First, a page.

An inventory control system uses barcode technology to automate the tracking of merchandise.
What is an Inventory Control System?
An inventory control system is a set of hardware and software based tools that automate the process of tracking inventory. The kinds of inventory tracked with an inventory control system can include almost any type of quantifiable good, including food, clothing, books, equipment, and any other item that consumers, retailers, or wholesalers may purchase. Modern inventory control systems are almost exclusively based on barcode technology. Though barcodes were initially developed to automate the process of grocery store checkout, their ability to encode a wide variety of alphabetic and numeric symbols makes them ideal for encoding merchandise for inventory applications. Inventory control systems work in real-time using wireless technology to transmit information to a central computer system as transactions occur.
Inventory control systems are employed in a wide variety of applications, but they all revolve around tracking delivery of goods to customers. Inventory control is crucial in retail stores, especially those with a large number or variety of merchandise items for sale. Inventory control is also used in warehouses to track orders and shipments, and for automated order processing. Other important applications of inventory control systems are in manufacturing, shipping, and receiving.
Why is Inventory Control Important?
Inventory control is important to ensure quality control in businesses that handle transactions revolving around consumer goods. Without proper inventory control, a large retail store may run out of stock on an important item. A good inventory control system will alert the retailer when it is time to reorder. Inventory control is also an important means of automatically tracking large shipments. For example, if a business orders ten pairs of socks for retail resale, but only receives nine pairs, this will be obvious upon inspecting the contents of the package, and error is not likely. On the other hand, say a wholesaler orders 100,000 pairs of socks and 10,000 are missing. Manually counting each pair of socks is likely to result in error. An automated inventory control system helps to minimize the risk of error. In retail stores, an inventory control system also helps track theft of retail merchandise, providing valuable information about store profits and the need for theft-prevention systems.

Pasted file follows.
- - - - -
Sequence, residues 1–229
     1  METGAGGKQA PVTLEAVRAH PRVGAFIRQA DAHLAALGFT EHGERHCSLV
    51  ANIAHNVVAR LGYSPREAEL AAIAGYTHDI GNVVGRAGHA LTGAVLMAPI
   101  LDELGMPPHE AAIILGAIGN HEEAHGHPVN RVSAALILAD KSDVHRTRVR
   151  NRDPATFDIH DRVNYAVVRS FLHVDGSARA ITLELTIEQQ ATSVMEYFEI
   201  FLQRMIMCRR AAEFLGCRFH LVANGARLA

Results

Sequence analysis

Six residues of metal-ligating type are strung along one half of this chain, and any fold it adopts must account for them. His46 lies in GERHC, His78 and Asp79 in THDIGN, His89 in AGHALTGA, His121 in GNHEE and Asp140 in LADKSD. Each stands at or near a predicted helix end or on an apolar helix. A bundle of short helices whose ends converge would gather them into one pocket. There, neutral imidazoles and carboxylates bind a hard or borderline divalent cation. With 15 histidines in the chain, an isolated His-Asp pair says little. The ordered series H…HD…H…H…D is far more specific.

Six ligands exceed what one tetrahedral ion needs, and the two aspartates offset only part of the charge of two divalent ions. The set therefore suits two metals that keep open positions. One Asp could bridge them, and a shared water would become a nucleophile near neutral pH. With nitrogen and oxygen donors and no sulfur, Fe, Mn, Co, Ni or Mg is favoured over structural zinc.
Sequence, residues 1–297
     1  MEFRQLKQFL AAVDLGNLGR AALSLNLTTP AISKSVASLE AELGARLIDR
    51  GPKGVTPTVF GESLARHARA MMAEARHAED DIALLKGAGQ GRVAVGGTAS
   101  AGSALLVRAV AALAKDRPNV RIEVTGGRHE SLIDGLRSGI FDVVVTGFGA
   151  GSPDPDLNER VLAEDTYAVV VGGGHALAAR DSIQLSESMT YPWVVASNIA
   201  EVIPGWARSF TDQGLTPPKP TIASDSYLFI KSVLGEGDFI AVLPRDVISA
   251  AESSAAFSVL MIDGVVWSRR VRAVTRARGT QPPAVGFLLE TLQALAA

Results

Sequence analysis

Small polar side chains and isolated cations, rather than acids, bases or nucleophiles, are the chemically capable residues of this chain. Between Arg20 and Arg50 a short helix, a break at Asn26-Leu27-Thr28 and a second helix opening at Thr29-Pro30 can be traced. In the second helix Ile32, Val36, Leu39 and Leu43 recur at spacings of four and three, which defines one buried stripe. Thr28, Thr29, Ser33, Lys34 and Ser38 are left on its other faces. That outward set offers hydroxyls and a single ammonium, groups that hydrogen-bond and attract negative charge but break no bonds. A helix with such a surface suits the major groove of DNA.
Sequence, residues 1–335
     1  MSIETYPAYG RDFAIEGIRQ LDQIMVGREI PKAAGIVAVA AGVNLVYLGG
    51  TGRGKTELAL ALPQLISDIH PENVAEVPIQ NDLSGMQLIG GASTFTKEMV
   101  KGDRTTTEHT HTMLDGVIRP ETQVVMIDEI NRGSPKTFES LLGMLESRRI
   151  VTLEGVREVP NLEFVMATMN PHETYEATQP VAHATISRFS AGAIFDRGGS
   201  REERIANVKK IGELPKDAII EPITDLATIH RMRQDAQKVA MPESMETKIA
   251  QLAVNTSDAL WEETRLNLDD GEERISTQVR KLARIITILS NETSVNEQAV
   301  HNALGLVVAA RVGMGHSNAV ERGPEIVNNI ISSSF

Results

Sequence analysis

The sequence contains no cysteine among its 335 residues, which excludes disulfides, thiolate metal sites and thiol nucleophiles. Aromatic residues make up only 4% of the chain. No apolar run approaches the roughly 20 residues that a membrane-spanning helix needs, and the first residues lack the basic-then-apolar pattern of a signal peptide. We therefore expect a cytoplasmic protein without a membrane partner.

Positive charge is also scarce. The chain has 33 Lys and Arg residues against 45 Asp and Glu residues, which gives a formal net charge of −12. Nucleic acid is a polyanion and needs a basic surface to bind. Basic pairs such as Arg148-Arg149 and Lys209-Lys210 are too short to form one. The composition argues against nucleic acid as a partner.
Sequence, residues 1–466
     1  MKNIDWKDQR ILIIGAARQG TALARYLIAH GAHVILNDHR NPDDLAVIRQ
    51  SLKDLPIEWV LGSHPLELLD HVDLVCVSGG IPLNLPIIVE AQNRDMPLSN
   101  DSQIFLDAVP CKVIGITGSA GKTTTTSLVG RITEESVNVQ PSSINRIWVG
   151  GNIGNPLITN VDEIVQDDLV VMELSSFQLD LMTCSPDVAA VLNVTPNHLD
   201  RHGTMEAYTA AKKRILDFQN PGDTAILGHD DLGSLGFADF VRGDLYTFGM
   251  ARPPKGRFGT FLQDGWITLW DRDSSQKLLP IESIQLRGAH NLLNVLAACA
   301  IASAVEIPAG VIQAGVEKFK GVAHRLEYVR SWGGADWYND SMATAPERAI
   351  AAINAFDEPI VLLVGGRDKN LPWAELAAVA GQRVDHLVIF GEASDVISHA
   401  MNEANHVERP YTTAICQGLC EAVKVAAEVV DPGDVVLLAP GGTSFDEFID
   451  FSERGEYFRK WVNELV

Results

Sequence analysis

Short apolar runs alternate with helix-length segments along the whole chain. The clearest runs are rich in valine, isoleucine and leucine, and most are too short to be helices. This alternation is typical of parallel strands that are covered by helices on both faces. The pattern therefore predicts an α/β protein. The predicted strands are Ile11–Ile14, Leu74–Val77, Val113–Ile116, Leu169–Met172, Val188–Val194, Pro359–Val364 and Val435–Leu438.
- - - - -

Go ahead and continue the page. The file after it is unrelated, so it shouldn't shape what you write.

Automated inventory control systems work by scanning a barcode either on the item. A barcode scanner is used to read the barcode, and the information encoded by the barcode is read by the machine. This information is then tracked by a central computer system. For example, a purchase order may contain a list of items to be pulled for packing and shipping. The inventory control system can serve a variety of functions in this case. It can help a worker locate the items on the order list in the warehouse, it can encode shipping information like tracking numbers and delivery addresses, and it can remove these purchased items from the inventory tally to keep an accurate count of in-stock items. All of this data works in tandem to provide businesses with real-time inventory tracking information. Inventory control systems make it simple to locate and analyze inventory information in real-time with a simple database search.
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